This blog was inspired by a discussion that was held in my Politics in Film class yesterday about hope and fear. Throughout the history of politics there has been two themes that politicians have used to get votes: hope and fear. Between the two techniques fear is the easier way to go, it always has been and it always will. Using fear a politician can demonize a group of people or institutions:
Jews, Germans, Blacks, Mexicans, Terrorists, Homosexuals, Communists, Big Business, Liberals, Conservatives
Once the group is demonized the candidate can accuse his opponent of being “soft on” the issue.
For an example let’s use glue sniffers.
“Ladies and gentlemen of the United States, we have a serious problem on our hands. These people will stop at nothing to get their fix. Reports and studies have been done that show that they will rape your grandmother, eat your goat, and sell their children to Madonna in order to get their hands on glue. In fact in some cases they will paste glue all over each other and sniff it off of them, what a depraved lot they are. My opponent doesn’t think that we should be concerned about glue sniffers, he thinks that we have other things to worry about like schools, roads, and health care. The fact is that he is soft on glue sniffing! Do you want a man that is soft on glue sniffing representing you?” (Speech taken from the Goldwater library)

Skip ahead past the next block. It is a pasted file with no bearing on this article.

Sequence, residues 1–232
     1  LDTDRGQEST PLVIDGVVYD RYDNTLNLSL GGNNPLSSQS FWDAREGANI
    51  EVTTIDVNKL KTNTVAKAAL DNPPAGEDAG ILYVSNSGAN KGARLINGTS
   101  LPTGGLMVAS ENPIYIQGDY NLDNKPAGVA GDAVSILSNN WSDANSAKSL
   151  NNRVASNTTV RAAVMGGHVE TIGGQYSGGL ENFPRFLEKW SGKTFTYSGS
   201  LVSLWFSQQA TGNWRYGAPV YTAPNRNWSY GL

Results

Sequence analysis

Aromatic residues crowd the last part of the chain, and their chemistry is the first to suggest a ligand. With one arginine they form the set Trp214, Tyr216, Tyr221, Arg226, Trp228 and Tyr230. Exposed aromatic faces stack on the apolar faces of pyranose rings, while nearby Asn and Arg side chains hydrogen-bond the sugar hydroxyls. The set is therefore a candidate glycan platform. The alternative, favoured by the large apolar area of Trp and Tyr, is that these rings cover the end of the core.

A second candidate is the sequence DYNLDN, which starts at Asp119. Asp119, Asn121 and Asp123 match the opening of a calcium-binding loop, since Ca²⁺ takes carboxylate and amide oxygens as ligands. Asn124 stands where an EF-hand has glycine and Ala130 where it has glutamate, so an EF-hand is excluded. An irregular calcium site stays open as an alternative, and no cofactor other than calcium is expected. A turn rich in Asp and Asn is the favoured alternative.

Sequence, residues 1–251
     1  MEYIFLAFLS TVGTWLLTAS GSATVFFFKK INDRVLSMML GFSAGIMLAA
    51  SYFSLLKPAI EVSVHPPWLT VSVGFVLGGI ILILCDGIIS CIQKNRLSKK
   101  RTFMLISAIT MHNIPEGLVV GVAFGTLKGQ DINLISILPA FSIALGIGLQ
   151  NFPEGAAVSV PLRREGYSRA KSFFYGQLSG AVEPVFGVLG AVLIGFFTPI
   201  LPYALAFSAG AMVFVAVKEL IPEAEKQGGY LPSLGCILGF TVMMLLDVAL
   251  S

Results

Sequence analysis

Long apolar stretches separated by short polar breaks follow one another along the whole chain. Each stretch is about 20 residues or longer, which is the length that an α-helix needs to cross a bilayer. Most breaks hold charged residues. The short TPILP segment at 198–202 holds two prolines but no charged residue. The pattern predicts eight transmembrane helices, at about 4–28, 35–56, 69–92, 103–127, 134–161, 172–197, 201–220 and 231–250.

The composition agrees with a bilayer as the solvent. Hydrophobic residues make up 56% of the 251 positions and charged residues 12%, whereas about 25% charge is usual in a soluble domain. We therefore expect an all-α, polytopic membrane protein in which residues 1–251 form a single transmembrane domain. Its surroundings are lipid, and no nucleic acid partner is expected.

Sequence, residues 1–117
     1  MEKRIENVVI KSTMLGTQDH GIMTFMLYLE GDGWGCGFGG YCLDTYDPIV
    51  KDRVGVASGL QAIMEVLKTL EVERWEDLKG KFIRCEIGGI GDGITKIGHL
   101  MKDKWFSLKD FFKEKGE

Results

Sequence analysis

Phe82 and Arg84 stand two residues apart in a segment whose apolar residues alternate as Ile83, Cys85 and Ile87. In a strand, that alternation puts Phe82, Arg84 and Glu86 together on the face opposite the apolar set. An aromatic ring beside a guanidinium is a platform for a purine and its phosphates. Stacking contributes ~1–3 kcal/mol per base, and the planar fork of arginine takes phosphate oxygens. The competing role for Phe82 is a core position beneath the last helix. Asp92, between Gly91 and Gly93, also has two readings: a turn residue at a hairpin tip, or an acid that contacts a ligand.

After reading that I am ready to go and lynch some glue sniffers! Who is coming with me?
To me though the best thing about building this fear is the techniques used. When you look back you can really see how misplaced the fear was and how funny some of the things that the government or politicians would use to keep feeding the fear.
Senator Joseph McCarthy used to scream that he knew the number of Soviet Agents working in the defense department. In fact he said he had the exact number and would give out the number all the time, of course he had three different numbers he randomly used.
Much more recently we had the homeland security department preaching the importance of:
My favorite thing ever though is this:
(the duck and cover video was here… but the link broke)
In case of a bomb the safest thing to do is duck and cover. Yes, Sue and Johnny if their is a nuclear blast one of the safest things you can do is climb under your desk.
These tactics of building fear crack me up because let’s face it they are all rather stupid. It reminds me of when I was a child and my parents would use fear to get me not to do things.
“Don’t make fun of retarded people or your children will end up retarded.”
“Don’t pick your nose or you will scratch your brain.”
or my personal favorite:
“Don’t play with yourself or it will fall off.”
So my question to you out there, what was something that was told to you to create fear either by your parents or the government that looking back you know is totally stupid?